I think it’s because I’m having trouble actually focussing enough to sit down and write. I do a little bit, but nothing that’s actually thought provoking or creative. Just general chatty stuff and a lot of moaning. It’s really hot here in Adelaide. I don’t know why I didn’t expect that, but I really didn’t. I figured I was a heat rat. You know, the kind of person who did better in warm climates. I’d been living in Christchurch for 16 years. I spent my entire twenties and half of my thirties there. Before that, I’d been in Nelson, and a teenager. My life consisted of a lot of weekends spent swimming at the river or in the ocean, and basking for hours in the sun.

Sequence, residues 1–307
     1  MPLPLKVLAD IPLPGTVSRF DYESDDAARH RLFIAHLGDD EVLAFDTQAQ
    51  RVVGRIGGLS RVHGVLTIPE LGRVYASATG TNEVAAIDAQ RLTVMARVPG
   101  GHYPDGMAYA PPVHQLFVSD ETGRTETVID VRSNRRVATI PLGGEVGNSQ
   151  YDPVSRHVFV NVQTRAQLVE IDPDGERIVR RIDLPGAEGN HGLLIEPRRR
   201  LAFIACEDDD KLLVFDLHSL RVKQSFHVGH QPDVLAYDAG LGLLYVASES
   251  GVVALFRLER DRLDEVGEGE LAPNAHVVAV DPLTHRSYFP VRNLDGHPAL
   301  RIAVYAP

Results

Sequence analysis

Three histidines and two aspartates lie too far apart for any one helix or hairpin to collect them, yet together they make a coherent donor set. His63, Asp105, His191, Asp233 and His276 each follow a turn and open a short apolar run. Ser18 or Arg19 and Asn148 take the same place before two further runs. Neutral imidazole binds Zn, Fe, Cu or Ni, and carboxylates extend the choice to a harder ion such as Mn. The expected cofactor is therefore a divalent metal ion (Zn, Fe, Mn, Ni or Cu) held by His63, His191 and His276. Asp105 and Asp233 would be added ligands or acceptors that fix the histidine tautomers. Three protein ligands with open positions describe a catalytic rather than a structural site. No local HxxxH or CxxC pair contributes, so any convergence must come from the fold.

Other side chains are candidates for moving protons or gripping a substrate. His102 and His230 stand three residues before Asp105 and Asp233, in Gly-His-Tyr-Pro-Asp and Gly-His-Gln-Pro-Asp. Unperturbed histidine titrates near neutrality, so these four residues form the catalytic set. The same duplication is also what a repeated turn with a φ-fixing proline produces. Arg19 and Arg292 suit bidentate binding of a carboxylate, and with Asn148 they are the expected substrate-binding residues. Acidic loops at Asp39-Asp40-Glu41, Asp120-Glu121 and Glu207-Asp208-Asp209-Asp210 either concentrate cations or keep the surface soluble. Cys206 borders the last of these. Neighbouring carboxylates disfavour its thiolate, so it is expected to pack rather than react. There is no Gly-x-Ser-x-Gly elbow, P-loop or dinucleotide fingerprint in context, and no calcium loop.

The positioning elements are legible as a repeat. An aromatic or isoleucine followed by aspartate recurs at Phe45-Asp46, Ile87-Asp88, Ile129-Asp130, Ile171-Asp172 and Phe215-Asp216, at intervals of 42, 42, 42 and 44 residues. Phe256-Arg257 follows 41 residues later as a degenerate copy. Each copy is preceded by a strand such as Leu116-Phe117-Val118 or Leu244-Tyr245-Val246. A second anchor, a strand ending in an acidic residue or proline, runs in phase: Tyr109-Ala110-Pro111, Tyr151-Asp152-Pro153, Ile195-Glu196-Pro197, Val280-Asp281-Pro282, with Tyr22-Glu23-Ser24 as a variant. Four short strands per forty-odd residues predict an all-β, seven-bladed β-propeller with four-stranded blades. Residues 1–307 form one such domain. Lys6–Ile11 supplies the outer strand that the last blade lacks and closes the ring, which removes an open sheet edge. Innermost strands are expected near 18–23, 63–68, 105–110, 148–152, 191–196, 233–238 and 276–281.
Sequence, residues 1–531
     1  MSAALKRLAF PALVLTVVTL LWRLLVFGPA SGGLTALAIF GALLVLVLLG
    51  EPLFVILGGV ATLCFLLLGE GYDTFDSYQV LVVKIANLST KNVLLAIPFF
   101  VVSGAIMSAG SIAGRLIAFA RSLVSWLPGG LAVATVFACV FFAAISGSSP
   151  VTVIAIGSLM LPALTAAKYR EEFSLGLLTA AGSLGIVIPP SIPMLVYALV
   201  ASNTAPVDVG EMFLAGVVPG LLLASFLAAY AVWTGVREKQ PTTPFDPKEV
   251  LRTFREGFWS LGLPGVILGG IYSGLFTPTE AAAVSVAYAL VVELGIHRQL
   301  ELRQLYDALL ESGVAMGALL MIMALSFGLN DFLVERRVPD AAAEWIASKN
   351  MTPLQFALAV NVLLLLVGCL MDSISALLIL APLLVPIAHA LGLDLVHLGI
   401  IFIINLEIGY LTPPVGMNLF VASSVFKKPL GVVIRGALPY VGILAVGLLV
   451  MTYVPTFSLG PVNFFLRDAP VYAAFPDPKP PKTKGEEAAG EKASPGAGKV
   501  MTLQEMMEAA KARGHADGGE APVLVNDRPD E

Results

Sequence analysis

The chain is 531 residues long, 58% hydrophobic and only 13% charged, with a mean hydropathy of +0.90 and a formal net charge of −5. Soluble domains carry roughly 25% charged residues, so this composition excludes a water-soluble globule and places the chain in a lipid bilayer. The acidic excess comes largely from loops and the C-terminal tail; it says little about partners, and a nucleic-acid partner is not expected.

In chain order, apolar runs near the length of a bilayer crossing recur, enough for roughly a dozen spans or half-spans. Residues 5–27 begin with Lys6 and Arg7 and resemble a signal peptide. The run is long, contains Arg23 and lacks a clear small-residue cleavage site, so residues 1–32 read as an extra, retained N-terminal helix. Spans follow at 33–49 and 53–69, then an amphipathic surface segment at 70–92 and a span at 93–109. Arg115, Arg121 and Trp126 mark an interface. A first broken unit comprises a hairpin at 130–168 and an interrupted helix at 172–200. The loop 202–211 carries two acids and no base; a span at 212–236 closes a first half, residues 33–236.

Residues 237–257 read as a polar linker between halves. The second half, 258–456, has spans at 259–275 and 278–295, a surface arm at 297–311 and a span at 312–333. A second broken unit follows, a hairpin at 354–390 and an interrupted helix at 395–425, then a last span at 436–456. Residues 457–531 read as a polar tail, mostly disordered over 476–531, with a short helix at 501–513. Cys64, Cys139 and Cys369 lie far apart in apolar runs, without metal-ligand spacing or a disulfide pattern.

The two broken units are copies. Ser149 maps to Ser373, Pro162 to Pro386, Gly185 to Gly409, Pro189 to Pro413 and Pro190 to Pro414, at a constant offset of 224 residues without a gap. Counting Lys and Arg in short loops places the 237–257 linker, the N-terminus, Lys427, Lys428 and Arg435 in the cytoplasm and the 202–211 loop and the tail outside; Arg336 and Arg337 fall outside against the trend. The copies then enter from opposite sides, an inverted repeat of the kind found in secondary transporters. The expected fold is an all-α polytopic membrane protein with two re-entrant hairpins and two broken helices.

Christchurch was a completely different environment. It was mostly grey, and we were never close to a beach or any rivers that were worth swimming in. I had small children, I didn’t drive and I was coming to terms with how different my life was from what I’d imagined it would be, in a city that seemed grey and cold. I’ve never really found it easy to make friends, and because I couldn’t get around all that easily, it was pretty tough. So the idea of moving some place warm filled me with total joy!

Don’t get me wrong, it still does. I love the fact that there is so much sun here. That I can go to the beach and actually get IN the water because it’s warm enough to do that. But I still wasn’t really prepared for just how hot Australia is. My mum said something the other day, it seems simple enough, but I tend to get lost in my own whining and forget I’m an adult. She said “it’s just a different style of living”.